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Clydesdales/Athenas (200+ lb / 91+ kg) Looking to lose that spare tire? Ideal weight 200+? Frustrated being a large cyclist in a sport geared for the ultra-light? Learn about the bikes and parts that can take the abuse of a heavier cyclist, how to keep your body going while losing the weight, and get support from others who've been successful.

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Old 10-28-10, 03:01 PM   #1
bbeasley 
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Tinge of knee pain

My latest attempt at the Clyde 20, the other night, resulted in just a touch of knee pain. From what I've read here knee pain and low cadence seem to go together.

I'm so enchanted with cycling (the weight loss doesn't hurt either) I'm hyper vigilant to anything that could screw it up. My favorite phone app can't do cadence and I'm kidding myself when I count using a clock. My count results in a cadence of about 70 but I know I don't hold that other than when I'm counting.

I usually ride 18 to 25 miles with the first and last 2 being a slow warm up and cool down. Today, I re installed my clipless pedals thinking perhaps they would help by forcing a better stroke? So far I'm not a fan of clipless as they add a level of complexity I don't enjoy. Now that I'm comfortable on my bike perhaps the clipless will be okay.

Bike: Trek 2.3
Experience: about 2 months
I'm riding about 80 miles per week in the 14 MPH range
5' 8" 230lbs (new low weight )

What else should I be doing to protect my knees?
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Old 10-28-10, 05:04 PM   #2
Seattle Forrest
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Originally Posted by bbeasley View Post
Today, I re installed my clipless pedals thinking perhaps they would help by forcing a better stroke? So far I'm not a fan of clipless as they add a level of complexity I don't enjoy. Now that I'm comfortable on my bike perhaps the clipless will be okay.
One weekend this spring, I rode about 70 miles, and then found myself in knee pain that I'd never felt a hint of before. I couldn't get into a car without twisting my whole body - the normal way of doing it was much too hard on my knee. In my case, it was a bad pedal stroke, although I'm not sure what changed. But, as a result, I got clipless pedals, and the problem went away almost instantly. Your mileage will almost certainly vary ... you probably don't have the same issue I did.

Where, exactly, are you feeling the pain? The first thing I'd guess is that your saddle might be too high or low, and probably too low. But if you post more details, someone might have good advice.
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Old 10-28-10, 05:25 PM   #3
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Seattle Forest,

I may have been premature in posting this. It was nothing like the pain you describe. Today I did a leisurely 20 miles with the clipless pedals and I feel no discomfort in my knee at all. I bought the bike from an LBS and they did a in depth fitting after 50 or so miles. I think I need to up my cadence and stick with the clipless pedals.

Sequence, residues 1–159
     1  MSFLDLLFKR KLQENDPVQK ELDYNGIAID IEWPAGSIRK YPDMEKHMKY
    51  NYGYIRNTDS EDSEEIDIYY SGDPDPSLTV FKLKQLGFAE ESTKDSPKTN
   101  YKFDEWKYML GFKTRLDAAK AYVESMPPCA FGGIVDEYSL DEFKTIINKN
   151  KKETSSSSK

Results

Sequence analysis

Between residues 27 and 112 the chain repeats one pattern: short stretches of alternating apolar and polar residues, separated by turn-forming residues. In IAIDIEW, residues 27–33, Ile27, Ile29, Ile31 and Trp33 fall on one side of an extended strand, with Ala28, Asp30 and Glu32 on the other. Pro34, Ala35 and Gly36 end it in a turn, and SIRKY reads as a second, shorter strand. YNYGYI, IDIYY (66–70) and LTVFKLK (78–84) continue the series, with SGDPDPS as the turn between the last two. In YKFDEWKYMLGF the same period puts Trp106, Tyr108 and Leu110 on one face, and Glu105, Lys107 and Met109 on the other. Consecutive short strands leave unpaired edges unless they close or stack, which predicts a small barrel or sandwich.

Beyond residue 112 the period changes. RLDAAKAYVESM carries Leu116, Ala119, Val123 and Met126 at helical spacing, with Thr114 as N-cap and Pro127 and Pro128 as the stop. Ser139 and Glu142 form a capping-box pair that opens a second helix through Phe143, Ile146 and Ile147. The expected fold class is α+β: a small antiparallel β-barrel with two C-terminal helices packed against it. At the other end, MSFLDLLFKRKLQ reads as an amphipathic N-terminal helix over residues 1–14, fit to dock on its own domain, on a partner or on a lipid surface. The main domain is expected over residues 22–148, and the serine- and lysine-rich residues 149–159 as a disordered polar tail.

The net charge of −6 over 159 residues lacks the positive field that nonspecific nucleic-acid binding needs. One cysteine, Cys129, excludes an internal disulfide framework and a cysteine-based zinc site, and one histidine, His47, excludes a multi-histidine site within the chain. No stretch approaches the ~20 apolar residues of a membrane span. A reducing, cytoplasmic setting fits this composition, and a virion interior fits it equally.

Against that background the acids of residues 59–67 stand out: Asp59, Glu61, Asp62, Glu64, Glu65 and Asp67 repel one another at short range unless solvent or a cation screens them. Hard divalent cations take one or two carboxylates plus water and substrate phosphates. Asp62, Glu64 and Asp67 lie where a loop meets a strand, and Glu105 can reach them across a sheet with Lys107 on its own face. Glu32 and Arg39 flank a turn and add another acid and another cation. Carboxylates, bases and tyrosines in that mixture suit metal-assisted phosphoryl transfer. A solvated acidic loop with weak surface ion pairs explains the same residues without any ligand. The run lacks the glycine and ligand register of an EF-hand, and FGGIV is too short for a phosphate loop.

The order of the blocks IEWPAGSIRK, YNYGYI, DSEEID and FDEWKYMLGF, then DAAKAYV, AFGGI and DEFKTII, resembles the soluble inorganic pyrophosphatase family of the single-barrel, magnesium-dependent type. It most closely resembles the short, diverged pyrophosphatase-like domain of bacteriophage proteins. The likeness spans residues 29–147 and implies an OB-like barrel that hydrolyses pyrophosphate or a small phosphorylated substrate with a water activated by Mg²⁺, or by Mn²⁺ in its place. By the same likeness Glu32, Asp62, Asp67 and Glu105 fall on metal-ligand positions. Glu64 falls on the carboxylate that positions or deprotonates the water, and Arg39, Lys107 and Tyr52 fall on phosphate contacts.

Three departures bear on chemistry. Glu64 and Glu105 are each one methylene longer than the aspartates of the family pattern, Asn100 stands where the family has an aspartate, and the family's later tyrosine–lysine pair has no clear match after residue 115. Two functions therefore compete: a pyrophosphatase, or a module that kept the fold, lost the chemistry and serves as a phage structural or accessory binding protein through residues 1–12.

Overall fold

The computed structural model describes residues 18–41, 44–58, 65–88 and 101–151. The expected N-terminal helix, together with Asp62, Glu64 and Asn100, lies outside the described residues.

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Old 10-28-10, 05:55 PM   #4
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I was having a little knee pain. The tendon that sits right behind the knee cap. I sought some advice from a pro ridder and he told me my saddle was too low. I raised it 1/2" and have not had any knee pain since.
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Old 10-28-10, 06:08 PM   #5
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I was having a little knee pain. The tendon that sits right behind the knee cap. I sought some advice from a pro ridder and he told me my saddle was too low. I raised it 1/2" and have not had any knee pain since.
Did the 1/2" you raised it cause your leg to fully extend at the bottom of the stroke?
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Old 11-02-10, 09:13 AM   #6
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I encourage you to stick with the clipless. I have a history of knee problems (due to a couple of past non-cycling sporting incidents), and I really feel a benefit from the clipless pedals. There are a couple of benefits from these, firstly that they give you a consistent rotation, and more importantly you can use the different directional forces that employ your leg muscles rather than your knees. For example, try pulling back using your calf muscles from 6 o'clock to 9 o'clock. Hard to do on each and every rotation of your pedals, but you can do for a little bit to help get you to up your speed and your cadence.

As for your cadence, I recommend you to try to get on a stationary exercise bike as I think almost all of them will show your cadence, and you can get a feel for what it is like to pedal at 70, 80, 90 and 100. For me personally, not going up hills, but on the flat, I try to keep my cadence at around 90 to 100, although do drop to around 85 into wind sometimes. If I am getting down to 80, it is time to downshift and up my cadence.

Not sure if my behaviour is "should-be", but works well for me and my knees.
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Old 11-02-10, 10:09 AM   #7
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Update

I've now rode a 54 mile and 20 mile with clips. The knee pain is gone and my speed picked up a tick. Should I survive learning how to clip in, I'll stick with it.

If you hear the following within 1 mile of leaving a red light:

clipity
clickity
clipity
clickity
*&%^()^(*^&*&
clipity
clickity
clipity
clickity
*&%^()^(*^&*&

Repeat

It will signal two things:

1. You are moving very slowly
2. I'm behind you
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